Security forces transferred around 70 individuals, men and women, to a place they believed to be a central prison in Giza, where they were subjected to beatings and racial and xenophobic slurs, before being released the next day.

Allegations of beatings, the use of racial slurs and other forms of ill-treatment by security forces must be investigated, and those responsible must be held accountable. Amnesty International is calling on the authorities to immediately and unconditionally release all those detained solely for peacefully exercising their human rights.
Philip Luther

Security forces also asked seven relatives and neighbours of Mohamed Hassan to go to a police station in 6th October City to identify the child’s body. They were detained at the station and their phones were confiscated. Five other Sudanese nationals from the area were also brought into the station later. Two individuals were released later that day without charges, but the remaining 10 remained in custody and a prosecutor ordered their detention on 3 November pending investigations, however the charges are not known to lawyers so far.

According to information gathered by Amnesty International, several of the men and women were beaten by police while in custody with plainclothes police officers threatening to imprison them. Police interrogated them about who had funded the protests, claiming there was an organization behind it, and warned them not to challenge the "Egyptian state."

On 2 November, plainclothes security forces raided the houses and workplaces of at least five Sudanese activists in Greater Cairo. At least three others received threatening phone calls, in which they were told they would be detained or deported. The crackdown forced several activists to go into hiding, while those that Amnesty International spoke to, expressed their fear of retaliation, citing constant fears of targeting by security forces for their perceived activism.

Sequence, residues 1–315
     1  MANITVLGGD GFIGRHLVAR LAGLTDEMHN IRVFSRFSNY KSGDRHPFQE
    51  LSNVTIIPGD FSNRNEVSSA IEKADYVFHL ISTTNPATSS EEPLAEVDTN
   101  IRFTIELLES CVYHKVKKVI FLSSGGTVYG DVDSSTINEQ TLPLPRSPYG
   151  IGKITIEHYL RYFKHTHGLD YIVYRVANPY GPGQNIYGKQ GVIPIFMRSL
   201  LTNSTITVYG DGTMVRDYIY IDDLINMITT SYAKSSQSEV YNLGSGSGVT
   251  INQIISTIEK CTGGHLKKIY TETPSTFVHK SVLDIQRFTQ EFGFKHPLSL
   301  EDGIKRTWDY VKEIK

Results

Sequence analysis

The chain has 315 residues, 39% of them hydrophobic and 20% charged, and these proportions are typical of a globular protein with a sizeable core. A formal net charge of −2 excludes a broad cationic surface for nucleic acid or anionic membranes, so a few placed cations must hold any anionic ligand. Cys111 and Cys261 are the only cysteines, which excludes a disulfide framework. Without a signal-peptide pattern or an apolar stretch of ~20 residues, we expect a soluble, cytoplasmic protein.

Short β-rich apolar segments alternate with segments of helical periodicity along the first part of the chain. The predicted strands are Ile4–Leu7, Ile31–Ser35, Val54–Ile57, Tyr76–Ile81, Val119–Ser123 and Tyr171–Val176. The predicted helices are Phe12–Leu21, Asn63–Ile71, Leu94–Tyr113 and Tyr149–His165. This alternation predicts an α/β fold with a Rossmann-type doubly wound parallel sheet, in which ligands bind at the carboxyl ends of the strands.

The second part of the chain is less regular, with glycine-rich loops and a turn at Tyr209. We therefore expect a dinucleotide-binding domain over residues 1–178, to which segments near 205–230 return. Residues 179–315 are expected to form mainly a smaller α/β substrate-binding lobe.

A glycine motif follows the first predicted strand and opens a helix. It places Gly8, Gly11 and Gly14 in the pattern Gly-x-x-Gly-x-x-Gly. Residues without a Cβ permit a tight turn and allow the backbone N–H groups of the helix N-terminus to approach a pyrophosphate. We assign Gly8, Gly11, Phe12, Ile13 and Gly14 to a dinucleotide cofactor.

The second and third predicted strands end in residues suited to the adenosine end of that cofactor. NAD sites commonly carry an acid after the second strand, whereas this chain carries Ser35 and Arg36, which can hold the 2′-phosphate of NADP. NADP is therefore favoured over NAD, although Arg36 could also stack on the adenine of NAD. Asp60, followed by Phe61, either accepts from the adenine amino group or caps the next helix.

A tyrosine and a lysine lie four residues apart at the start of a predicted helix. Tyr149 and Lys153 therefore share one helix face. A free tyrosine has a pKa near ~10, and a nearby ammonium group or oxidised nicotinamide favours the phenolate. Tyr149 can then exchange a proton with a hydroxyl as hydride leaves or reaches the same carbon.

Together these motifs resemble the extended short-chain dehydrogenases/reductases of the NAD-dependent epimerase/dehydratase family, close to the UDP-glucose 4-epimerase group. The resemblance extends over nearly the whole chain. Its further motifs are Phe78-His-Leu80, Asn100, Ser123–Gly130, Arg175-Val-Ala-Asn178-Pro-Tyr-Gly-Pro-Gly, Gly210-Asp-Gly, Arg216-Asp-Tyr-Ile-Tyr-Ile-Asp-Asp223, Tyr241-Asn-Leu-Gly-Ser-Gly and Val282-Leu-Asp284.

Following the protest and arrests, the Office of the Public Prosecution released a statement on 1 November announcing the detention of the child’s suspected killer pending investigations, and dismissing all claims of human rights violations against refugees and other foreign nationals in Egypt. The next day, the Ministry of the Interior said that the suspect had confessed to killing Mohamed Hassan. Anyone responsible for the killing of the Sudanese child should be brought to justice in proceedings meeting international fair trial standards, without recourse to the death penalty.

UNCHR has thus far not commented on the use of force outside its offices or the arrests of the Sudanese nationals, including asylum seekers.

At least 49 thousand Sudanese refugees are registered with the UNHCR, but this only represents a small fraction of the Sudanese population in Egypt. Several media investigations have reported on the racism, xenophobia and violence, including sexual violence experienced by Sudanese and other refugees from Sub-Saharan African countries in Egypt, amid lack of state protection. In 2005, Egyptian security forces killed at least 27 Sudanese protestors in front of the UNCHR building in Mohandseen in Greater Cairo, but no officials were held accountable for their killing.